Firstly, robots are assigned to the goal positions 320 in a unique and optimal way by an auction algorithm during the goal assignment 325. Secondly, each robot independently computes a preferred velocity towards its assigned goal position. Finally, a reciprocal collision avoidance algorithm (described in further detail in conjunction with FIGS. 4, 5A, 5B, and 6) finds a collision-free velocity for the non-holonomic robots with respect to the current positions and velocities of their neighbors. The new velocities that are determined in the local collision avoidance 335 process are close to the robots' preferred velocities 330, and enable a safe motion update of the robotic display. Latombe showed that it is intractable to compute the optimal motions of n robots interacting in a common workspace because the search space is exponential in n. The reasons for intractability are described by J. C. Latombe in “Robot Motion Planning,” published by Kluver (Boston), (1991) (referred to as Lantombe), incorporated by reference herein in its entirety. Thus a distributed scheme, such as the technique employed by the DisplaySwarm system, where each robot independently determines a collision-free velocity towards their respective goal position is advantageous. Finally, each robot moves according to the collision-free velocity to complete movement 340 before returning to the goal assignment 325.

Goal generation 310, goal assignment 325 and local collision avoidance 335 all allow for distributed computation, and this guarantees scalability of the DisplaySwarm system. Common information for the goal generation 310 is limited to the current position of all the neighboring generator points and the image 315 to be displayed. Common information for the local collision avoidance 335 is limited to the size, position and velocity of a robot's neighbors. Although the algorithms could be fully decentralized among the robots, and common information be inferred independently by each robot or by using broadcast between robots, the DisplaySwarm includes the computing device 100 for reduced complexity. In one embodiment, computing device 100 supports parallelization by multi-threading on multiple cores. Goal generation 310 and local collision avoidance 335 both allow parallel computation where variables are independent and no interaction between threads is needed. Goal assignment 325 using the auction algorithm may decentralized.

In one embodiment, the goal positions 320 and colors for the robots to optimally represent the image 315 are determined based on Voronoi diagrams and methods from locational optimization for the goal generation 310. The technique used to determine optimal goal positions based on Voronoi diagrams is described by A Okabe and A. Suzuki in “Locational optimization problems solved through Voronoi Diagrams,” published in the European Journal of Operational Research, 98(3) pages 445-456 (May 1997) (referred to as Okabe et al.), incorporated by reference herein in its entirety. Centroidal Voronoi tessellations (CVT) have been rediscovered for robotics by Cortes et al. by deriving decentralized control laws for robotic environment coverage. The CVT is applied in an adapted form for iterative optimization of the robots' goal positions 320. The adapted form of the algorithm, referred to as the multi-Voronoi coverage algorithm (described in the following section titled Iterative Optimization by Multi-Voronoi coverage), results in balanced final goal distributions and uniform coverage of the regions of the image generated for display.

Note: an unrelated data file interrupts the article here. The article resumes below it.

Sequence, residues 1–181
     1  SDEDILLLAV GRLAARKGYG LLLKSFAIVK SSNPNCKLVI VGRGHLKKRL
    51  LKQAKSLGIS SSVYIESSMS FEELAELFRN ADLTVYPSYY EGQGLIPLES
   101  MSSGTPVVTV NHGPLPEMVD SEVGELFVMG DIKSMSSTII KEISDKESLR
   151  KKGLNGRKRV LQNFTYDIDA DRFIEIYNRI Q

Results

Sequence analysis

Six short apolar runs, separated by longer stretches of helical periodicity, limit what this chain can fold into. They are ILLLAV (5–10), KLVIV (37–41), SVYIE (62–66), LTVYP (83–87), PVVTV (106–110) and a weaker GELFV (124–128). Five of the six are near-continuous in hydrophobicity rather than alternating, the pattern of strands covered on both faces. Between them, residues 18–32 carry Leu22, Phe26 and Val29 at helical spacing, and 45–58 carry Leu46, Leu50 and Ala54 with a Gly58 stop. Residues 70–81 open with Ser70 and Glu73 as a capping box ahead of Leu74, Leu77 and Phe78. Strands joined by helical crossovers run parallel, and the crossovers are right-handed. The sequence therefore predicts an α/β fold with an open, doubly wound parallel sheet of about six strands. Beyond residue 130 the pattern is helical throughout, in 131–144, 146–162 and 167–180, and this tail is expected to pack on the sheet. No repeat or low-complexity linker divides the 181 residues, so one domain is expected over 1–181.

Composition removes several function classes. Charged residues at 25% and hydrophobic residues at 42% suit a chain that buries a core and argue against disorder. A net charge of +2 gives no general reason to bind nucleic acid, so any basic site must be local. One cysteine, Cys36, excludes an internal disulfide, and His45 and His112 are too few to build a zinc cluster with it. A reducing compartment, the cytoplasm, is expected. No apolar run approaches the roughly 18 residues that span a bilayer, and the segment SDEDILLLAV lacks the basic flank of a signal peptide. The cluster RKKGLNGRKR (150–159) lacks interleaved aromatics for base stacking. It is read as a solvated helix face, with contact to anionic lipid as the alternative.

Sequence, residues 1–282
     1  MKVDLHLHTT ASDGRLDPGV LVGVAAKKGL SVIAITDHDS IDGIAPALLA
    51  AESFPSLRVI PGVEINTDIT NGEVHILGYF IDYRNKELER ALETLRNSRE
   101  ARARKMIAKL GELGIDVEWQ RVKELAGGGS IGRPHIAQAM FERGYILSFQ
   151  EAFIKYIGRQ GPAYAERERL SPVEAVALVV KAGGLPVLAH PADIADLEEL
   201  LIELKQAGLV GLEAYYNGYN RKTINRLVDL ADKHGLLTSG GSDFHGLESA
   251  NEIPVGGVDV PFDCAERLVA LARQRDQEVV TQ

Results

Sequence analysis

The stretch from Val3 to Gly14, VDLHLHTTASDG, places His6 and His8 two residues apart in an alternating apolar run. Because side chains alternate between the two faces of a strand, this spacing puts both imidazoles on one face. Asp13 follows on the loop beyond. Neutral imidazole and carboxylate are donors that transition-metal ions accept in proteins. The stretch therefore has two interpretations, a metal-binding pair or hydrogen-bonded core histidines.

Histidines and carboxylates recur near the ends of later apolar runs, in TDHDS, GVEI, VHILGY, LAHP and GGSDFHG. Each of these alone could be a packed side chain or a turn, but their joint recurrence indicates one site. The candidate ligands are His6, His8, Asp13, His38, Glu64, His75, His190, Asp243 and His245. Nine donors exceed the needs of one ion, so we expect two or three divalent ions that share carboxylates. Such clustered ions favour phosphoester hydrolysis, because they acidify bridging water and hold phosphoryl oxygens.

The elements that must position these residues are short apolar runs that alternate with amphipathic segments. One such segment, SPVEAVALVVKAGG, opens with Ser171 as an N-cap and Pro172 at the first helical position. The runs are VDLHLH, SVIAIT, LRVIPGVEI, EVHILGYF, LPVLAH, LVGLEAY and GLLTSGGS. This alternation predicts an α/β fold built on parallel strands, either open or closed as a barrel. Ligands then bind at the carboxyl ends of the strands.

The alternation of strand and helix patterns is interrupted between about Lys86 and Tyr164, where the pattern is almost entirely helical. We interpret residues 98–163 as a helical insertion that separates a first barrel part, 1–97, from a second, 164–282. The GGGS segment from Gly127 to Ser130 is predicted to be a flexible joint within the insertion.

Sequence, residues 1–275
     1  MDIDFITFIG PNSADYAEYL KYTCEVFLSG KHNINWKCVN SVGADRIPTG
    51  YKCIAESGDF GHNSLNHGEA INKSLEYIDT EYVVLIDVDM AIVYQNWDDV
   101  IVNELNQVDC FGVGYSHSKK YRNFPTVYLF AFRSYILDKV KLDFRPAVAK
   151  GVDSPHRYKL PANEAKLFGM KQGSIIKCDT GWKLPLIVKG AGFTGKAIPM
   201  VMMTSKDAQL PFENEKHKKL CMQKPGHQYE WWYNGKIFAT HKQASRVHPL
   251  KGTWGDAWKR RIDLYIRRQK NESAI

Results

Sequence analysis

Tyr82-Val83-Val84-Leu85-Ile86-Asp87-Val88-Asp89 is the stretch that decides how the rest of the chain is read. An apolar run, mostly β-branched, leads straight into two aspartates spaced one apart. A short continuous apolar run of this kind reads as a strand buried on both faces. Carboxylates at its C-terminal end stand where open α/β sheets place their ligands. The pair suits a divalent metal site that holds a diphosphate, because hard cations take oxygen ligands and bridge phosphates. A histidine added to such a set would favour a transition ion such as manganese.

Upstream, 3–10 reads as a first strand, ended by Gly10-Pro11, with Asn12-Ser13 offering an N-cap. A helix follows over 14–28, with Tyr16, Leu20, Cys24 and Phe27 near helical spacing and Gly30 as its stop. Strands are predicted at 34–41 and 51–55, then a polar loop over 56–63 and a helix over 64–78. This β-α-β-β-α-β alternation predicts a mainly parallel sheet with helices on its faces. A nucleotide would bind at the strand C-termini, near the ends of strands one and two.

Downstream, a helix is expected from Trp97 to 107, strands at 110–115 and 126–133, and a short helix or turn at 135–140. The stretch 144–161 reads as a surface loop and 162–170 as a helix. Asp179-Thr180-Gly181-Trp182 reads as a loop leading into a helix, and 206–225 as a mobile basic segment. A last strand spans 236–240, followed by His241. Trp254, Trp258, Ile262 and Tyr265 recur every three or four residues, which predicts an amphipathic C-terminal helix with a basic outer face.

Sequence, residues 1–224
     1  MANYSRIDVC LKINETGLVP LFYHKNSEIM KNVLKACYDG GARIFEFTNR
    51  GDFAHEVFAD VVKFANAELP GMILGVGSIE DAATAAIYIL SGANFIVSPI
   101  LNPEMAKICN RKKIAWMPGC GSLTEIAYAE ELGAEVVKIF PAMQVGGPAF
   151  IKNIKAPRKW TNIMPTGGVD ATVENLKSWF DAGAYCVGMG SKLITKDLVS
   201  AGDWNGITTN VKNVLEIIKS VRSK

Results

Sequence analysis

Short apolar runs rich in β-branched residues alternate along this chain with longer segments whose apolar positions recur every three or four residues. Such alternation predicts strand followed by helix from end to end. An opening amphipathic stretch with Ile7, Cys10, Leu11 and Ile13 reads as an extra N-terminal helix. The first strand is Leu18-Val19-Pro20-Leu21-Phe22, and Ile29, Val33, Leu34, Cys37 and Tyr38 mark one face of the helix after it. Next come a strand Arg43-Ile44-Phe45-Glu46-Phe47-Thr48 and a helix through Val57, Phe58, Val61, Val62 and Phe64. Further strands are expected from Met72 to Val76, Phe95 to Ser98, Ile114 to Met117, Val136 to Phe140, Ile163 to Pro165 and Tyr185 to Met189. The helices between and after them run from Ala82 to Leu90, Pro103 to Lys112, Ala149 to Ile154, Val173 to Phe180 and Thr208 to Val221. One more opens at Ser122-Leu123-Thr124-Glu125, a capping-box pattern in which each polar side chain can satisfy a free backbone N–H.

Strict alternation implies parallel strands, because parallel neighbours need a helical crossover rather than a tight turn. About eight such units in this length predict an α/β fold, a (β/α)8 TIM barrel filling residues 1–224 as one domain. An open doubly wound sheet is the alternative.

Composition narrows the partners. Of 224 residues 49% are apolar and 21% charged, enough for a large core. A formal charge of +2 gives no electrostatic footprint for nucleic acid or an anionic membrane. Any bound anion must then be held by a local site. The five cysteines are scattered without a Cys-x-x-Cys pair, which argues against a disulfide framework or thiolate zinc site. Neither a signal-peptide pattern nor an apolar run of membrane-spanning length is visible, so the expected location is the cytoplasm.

As previously described in conjunction with FIG. 2B, the DisplaySwarm system may also be used to control entities forming a sequence of images in environments where dynamic obstacles exist, e.g., uncontrolled entities. First, for each image 315 or frame If,fε[1,NF]⊂

Figure US09067320-20150630-P00001
, a set of goal positions
Figure US09067320-20150630-P00002
f is obtained, where NF is the number of frames. Each goal set is computed following the multi-Voronoi coverage algorithm. The goal positions 320 computed for the previous frame
Figure US09067320-20150630-P00002
f−1 can serve as start positions for the computation of the goal positions 320 of the current frame to reduce computation time and disparities between consecutive goal sets.

After the goal sets

Figure US09067320-20150630-P00002
f,fε[1,NF]⊂
Figure US09067320-20150630-P00001
, have been computed, an iterative procedure drives the robots through the given goal positions 320, representing the given frames in sequence. In order to achieve a smooth movement of the robots, the update rate of the controller should be higher than that of the frames. Therefore, the set of goal positions 320 remains constant for a fixed number of time steps and then changes to the one given by the next frame of the video sequence.

Note that with this method, intermediate, irrelevant frames can be omitted. The robots move to represent the next given frame and the movement in-between is not specified. This is an advantage for the creator of the video who only needs to specify a set of keyframes. The quality and dynamics of the video are affected by increased disparity between frames. Closer frames will lead to smoother motions. Frames with high disparities might lead to deformations of the shapes.